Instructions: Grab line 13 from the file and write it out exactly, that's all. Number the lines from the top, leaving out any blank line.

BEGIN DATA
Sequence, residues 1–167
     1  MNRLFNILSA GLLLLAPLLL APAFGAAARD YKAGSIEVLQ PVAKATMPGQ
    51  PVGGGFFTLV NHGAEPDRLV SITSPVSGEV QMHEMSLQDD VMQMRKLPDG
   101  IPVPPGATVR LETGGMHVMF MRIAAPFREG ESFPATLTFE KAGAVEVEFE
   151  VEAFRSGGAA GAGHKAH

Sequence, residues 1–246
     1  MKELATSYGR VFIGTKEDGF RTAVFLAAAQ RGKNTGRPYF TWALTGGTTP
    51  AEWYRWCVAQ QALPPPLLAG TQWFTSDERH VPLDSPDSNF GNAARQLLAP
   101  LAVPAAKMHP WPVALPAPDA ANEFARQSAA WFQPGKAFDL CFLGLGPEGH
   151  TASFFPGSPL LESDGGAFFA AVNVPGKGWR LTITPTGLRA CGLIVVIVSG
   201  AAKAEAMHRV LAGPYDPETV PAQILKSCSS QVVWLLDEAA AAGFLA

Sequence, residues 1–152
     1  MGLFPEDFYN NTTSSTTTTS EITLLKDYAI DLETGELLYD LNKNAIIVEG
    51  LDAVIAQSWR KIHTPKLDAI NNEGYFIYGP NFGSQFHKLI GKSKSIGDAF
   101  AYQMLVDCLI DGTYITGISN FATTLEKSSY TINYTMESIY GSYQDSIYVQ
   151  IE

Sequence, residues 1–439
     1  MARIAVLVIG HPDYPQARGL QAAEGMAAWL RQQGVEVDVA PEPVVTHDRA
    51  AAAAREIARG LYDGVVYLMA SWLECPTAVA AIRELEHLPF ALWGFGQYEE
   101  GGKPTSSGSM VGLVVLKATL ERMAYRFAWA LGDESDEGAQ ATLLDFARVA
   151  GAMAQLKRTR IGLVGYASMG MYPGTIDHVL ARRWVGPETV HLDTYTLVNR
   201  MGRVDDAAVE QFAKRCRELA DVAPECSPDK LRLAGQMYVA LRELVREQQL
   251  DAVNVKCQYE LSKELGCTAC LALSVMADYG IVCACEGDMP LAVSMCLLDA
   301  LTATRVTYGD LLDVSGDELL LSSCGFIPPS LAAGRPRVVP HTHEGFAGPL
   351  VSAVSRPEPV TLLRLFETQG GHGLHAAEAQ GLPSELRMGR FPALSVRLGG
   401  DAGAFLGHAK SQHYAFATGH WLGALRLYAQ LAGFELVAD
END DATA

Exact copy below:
     1  MGLFPEDFYN NTTSSTTTTS EITLLKDYAI DLETGELLYD LNKNAIIVEG